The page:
See also: Franklin v. Haughton Timber Company, 377 So.2d 400 (La.App. 2d Cir. 1980), writ denied 380 So.2d 624 (La.1980); Hebert v. Gates, 50 So.2d 859 (La.App. 1st Cir. 1951); Deason v. Coal Operators Casualty Co., 43 So.2d 630 (La.App. 2d Cir. 1950). Compare Peterson v. Continental Can Company, 194 So.2d 171 (La.App. 2d Cir. 1967).

Knox produced pulpwood exclusively for Burns. Burns, through its employees, directed when and where Knox was to cut pulpwood and directed the quantity and size of the pulpwood Knox was to cut and deliver. Knox's equipment and supplies were purchased through Burns who deducted amounts owed from Knox's weekly pay check which was based on the number of cords of pulpwood cut and delivered during the week. Burns furnished worker's compensation and liability insurance for Knox and his employees. A Burns forester checked the progress of Knox's work daily to determine that it was being done correctly. Knox's business was not independent; he was not free to carry out his work by his own methods but was under the immediate direction of Burns's employees. Burns had the right to terminate its relationship with Knox without cause just as Knox had the right to leave the employ of Burns when he so desired, without incurring liability for breach of contract.

Plaintiff's rights under the worker's compensation law are exclusive of all other rights and remedies of plaintiff against Knox, an employee of the principal Burns. Accordingly, the summary judgment dismissing plaintiff's tort claim against Knox and his liability insurer is correct, there being no genuine issue as to any material fact pertinent to this holding.

It having been determined that Knox was an employee of the principal and thereby immune from tort liability under the specific provisions of LSA-R.S. 23:1032, it is unnecessary to consider whether the immunity would extend to Knox if he were found to be an independent contractor, or to consider any of the issues posed in Johnson v. Alexander, 406 So.2d 1378 (La.App. 3d Cir. 1982), writs granted 412 So.2d 88 (La.1982).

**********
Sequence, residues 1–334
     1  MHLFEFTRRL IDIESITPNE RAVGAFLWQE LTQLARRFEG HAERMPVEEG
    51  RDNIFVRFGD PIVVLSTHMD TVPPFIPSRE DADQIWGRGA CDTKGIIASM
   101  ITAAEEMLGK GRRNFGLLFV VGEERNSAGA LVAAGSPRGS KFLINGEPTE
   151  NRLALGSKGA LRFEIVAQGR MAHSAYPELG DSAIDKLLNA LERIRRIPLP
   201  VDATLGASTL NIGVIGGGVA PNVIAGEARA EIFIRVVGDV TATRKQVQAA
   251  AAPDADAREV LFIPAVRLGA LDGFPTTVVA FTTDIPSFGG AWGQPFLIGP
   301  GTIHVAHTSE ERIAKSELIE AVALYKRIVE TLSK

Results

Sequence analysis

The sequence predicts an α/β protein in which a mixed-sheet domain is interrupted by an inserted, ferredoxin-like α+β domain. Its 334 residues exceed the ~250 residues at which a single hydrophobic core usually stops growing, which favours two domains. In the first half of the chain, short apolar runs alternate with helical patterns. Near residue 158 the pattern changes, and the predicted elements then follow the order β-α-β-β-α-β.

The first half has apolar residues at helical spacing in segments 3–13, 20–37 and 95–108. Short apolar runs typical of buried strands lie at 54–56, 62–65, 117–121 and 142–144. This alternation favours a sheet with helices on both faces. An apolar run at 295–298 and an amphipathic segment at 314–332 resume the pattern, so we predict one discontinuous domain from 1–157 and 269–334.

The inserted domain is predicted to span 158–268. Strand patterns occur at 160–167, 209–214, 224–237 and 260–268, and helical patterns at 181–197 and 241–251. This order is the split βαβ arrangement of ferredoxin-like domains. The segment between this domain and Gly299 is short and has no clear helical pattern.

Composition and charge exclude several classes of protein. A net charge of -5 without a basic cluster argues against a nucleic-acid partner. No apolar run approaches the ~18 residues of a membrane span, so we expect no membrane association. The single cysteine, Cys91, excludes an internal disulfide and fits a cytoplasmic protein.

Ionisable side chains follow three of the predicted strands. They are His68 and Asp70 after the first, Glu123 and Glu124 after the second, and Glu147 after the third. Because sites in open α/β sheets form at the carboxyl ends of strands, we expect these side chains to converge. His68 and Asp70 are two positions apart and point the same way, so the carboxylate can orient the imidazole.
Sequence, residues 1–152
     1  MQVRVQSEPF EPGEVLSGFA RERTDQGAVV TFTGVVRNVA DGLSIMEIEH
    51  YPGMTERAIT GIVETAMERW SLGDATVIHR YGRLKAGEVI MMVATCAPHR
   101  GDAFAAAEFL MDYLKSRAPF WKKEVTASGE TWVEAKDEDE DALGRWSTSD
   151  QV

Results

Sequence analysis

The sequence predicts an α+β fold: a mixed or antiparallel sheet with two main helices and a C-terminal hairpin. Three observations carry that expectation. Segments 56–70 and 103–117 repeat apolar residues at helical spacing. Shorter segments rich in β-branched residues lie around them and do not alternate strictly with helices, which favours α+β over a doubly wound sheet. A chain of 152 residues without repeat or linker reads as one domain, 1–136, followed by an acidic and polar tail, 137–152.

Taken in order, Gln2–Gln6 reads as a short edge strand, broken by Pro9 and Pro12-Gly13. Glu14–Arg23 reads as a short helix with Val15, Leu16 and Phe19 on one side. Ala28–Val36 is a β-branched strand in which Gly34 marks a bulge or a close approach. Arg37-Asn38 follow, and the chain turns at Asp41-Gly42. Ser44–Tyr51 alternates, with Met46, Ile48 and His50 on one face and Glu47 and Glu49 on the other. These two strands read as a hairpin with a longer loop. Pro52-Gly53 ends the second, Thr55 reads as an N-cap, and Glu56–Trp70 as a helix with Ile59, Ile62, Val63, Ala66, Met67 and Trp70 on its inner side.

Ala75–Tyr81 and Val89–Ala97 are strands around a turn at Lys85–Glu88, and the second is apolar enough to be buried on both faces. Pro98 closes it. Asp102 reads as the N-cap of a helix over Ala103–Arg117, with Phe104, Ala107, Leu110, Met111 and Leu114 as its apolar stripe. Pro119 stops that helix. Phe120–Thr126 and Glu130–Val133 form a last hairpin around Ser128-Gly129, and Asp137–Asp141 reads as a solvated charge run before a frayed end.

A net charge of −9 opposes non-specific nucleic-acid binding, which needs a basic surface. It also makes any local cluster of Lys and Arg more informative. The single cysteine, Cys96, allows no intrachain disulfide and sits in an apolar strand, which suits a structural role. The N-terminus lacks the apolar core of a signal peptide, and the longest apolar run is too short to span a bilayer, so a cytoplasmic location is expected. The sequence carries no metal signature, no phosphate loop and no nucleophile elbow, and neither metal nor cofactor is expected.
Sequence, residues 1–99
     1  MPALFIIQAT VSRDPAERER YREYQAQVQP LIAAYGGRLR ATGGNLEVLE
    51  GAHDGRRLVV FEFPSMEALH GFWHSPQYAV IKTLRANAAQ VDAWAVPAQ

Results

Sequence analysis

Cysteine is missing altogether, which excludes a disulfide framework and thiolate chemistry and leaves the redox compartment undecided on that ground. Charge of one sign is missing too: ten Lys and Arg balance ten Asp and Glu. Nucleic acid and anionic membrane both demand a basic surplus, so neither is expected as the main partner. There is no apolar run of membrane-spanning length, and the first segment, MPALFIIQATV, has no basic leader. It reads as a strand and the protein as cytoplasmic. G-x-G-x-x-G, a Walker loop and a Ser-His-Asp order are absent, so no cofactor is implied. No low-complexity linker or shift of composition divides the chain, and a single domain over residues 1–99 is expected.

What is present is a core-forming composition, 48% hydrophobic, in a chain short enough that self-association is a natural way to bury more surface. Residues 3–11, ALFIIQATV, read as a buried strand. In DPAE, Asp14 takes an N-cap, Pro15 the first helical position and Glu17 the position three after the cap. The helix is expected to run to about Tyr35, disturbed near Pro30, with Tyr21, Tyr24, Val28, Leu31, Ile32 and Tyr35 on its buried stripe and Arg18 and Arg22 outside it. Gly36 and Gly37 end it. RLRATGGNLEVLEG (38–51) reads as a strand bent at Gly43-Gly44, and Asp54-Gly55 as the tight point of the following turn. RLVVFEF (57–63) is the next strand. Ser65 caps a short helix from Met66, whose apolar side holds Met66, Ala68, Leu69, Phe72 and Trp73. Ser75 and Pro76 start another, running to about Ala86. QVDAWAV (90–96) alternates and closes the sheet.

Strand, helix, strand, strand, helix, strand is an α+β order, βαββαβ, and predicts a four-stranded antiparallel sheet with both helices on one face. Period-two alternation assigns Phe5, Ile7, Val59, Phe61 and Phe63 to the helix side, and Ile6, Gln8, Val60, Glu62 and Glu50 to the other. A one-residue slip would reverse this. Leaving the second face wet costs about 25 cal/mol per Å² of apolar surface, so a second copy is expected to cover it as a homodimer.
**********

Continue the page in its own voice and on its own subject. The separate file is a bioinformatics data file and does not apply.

The judgment of the district court is affirmed at appellant's costs.



1. LSA-R.S. 23:1061: "Where any person (in this section referred to as principal) undertakes to execute any work, which is a part of his trade, business, or occupation or which he had contracted to perform, and contracts with any person (in this section referred to as contractor) for the execution by or under the contractor of the whole or any part of the work undertaken by the principal, the principal shall be liable to pay to any employee employed in the execution of the work ... any compensation under this Chapter which he would have been liable to pay if the employee had been immediately employed by him; and where compensation is claimed from, or proceedings are taken against, the principal, then, in the application of this Chapter reference to the principal shall be substituted for reference to the employer, except that the amount of compensation shall be calculated with reference to the earnings of the employee under the employer by whom he is immediately employed...."
2. LSA-R.S. 23:1032: "The rights and remedies herein granted to an employee ... on account of an injury ... for which he is entitled to compensation under this Chapter, shall be exclusive of all other rights and remedies of such employee... against his employer, or any principal or any ... employee of such employer or principal, for said injury.... For purposes of this Section, the word `principal' shall be defined as any person who undertakes to execute any work which is a part of his trade, business or occupation in which he was engaged at the time of the injury, or which he had contracted to perform and contracts with any person for the execution thereof...."